By Mindy Ragan Wood, Staff Writer – Of the half dozen or more boutiques popping up in Yukon, each one finds a unique style or offering.
When Gwen Brackett, owner of the Teal Turtle, started her boutique, the clothing was just an excuse for her real passion in crafting luxurious body care products.
She opened her store at 419 W. Main Street two years ago after she outgrew her home as a business hub. In that short time, the boutique has evolved and she’s learned more than she anticipated.
“I started out with bath bombs when those were really becoming popular,” she said. “Now everyone is doing them. I went to Affair of the Heart and didn’t bother bringing them because every fifth booth had them.”
She started adding clothing to the boutique to “fill out the store” but a big draw for her customers became the body car products she began making for customers. Brackett is a former pediatric nurse and her love of science led her to craft soaps, lotions, and face scrubs that are friendly to sensitive skin.
“I have an RN who sends all her eczema patients out here for the soaps,” she said. “I use shea butter, cocoa butter, and gentle things like that which you won’t find in other markets.”
Brackett developed a face scrub that was safe for sensitive skin and complied with the new law which banned microbeads in 2015. Her scrubs, in lavendar, honeysuckle, and unscented, are for those who do not tolerate fragrance. Her products at the Teal Turtle are a safe alternative, Brackett said.
Bath bombs that fizz and fizz with bubbles, shower gel, and sugar scrubs come in a variety of scents and colors. Brackett took classes to better learn how to blend oils and fragrance. Her hand wash naturally scented with cardamom has also been popular with one customer in particular.
“The man who co-owns Green Chile Kitchen lives in northern California. His family runs this restaurant and he comes in here and buys my hand wash. He cleans me out once a year, buys up all I have. He said it’s the best hand soap he’s ever used,” she said.
Her clients are also furry friends.
“I have a pet shampoo for sensitive pets. I have a Corgi with really sensitive skin and so I developed a shampoo for him,” she said.
Brackett’s experiments did not stop with body care products. She sells a line of coconut oil based laundry soap and an accompanying stain stick. She said both sell well, but she cannot keep the stain stick in stock. The stain stick is a rendering of the laundry soap she makes.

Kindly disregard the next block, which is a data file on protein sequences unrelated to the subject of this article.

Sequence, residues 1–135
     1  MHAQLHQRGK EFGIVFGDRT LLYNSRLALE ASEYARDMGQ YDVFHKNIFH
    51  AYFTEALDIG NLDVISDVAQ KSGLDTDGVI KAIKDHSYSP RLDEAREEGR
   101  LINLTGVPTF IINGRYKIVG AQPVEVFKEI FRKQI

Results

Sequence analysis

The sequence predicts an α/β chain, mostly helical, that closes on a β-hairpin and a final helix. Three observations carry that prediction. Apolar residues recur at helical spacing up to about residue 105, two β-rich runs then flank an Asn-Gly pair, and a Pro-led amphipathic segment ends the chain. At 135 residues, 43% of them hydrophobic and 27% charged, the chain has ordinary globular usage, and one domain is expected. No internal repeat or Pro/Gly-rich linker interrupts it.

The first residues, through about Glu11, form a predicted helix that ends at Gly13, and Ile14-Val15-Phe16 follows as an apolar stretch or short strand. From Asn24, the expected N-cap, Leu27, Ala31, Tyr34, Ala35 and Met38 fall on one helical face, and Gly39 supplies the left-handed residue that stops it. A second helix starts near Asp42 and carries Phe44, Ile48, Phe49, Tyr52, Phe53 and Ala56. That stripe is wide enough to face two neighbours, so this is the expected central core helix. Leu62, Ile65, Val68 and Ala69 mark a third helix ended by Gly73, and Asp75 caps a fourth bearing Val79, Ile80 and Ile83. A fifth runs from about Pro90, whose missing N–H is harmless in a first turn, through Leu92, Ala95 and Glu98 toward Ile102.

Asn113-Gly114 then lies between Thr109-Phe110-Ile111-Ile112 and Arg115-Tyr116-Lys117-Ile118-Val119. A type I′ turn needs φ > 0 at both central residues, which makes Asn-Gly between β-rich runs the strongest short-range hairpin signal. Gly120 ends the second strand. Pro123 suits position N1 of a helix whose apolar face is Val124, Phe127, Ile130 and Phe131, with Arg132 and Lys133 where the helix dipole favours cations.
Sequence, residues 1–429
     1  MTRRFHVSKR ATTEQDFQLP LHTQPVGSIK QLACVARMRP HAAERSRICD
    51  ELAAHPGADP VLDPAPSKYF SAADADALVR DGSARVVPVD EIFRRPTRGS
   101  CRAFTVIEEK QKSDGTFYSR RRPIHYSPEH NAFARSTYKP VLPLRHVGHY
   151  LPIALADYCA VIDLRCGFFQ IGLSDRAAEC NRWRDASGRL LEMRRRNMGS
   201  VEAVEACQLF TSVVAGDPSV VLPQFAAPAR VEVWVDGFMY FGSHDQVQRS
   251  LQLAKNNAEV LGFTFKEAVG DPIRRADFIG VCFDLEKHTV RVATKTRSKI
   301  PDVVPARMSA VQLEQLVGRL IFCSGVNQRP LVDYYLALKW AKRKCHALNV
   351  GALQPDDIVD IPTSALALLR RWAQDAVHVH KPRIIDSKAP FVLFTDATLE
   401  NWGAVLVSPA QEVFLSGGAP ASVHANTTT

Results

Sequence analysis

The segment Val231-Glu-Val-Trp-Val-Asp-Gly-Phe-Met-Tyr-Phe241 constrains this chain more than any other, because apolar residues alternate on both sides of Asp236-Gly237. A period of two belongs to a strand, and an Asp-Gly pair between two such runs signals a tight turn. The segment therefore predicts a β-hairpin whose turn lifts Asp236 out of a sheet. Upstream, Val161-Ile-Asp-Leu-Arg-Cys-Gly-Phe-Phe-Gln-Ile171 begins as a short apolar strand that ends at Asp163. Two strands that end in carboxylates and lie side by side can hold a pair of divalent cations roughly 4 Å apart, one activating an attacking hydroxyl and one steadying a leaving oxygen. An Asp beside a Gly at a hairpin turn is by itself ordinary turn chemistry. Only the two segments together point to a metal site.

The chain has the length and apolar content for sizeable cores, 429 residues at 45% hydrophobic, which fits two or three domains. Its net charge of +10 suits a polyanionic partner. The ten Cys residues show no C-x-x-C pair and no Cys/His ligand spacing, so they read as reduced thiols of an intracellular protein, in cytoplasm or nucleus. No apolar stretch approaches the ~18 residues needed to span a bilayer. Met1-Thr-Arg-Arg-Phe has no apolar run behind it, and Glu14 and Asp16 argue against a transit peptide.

“I have a customer who told me there’s nothing it won’t work on. I’ve got out sharpie marker, coffee, red lipstick out of the carpet, and it’s $5 and lasts forever. You just rub it on the stain and then wash it,” she said.
The laundry soap also lasts quite a while. One tablespoon will do 60 loads.
The body care and laundry care products may be her first love, but she also stays busy designing tee-shirts and keeping fun, quirky and fashionable clothing items in the shop.
A big holiday seller are the socks she makes with messages on the feet. “If you can read this,” one foot reads on the bottom, “then bring me a beer” the other foot says.“I sold 350 pairs of those socks last Christmas,” she said. “I was up to three in the morning filling the orders. They were very popular and I’ve already started getting orders for these again this year.”
A small area with children’s clothing shows carefully chosen lines such as Mud Pie Hats and a line of crochet baby hats. Trendy blouses and accessories are also a given, but she keeps them interesting and fresh for customers who are looking for something different.
The bath bombs do still keep her filling orders in the store and some wholesale accounts, but the clothing and body care take up much of her time and showroom stock.
“When my kids grew up, I thought about going back into nursing but I wanted to do something different. I haven’t looked back ever since,” she said.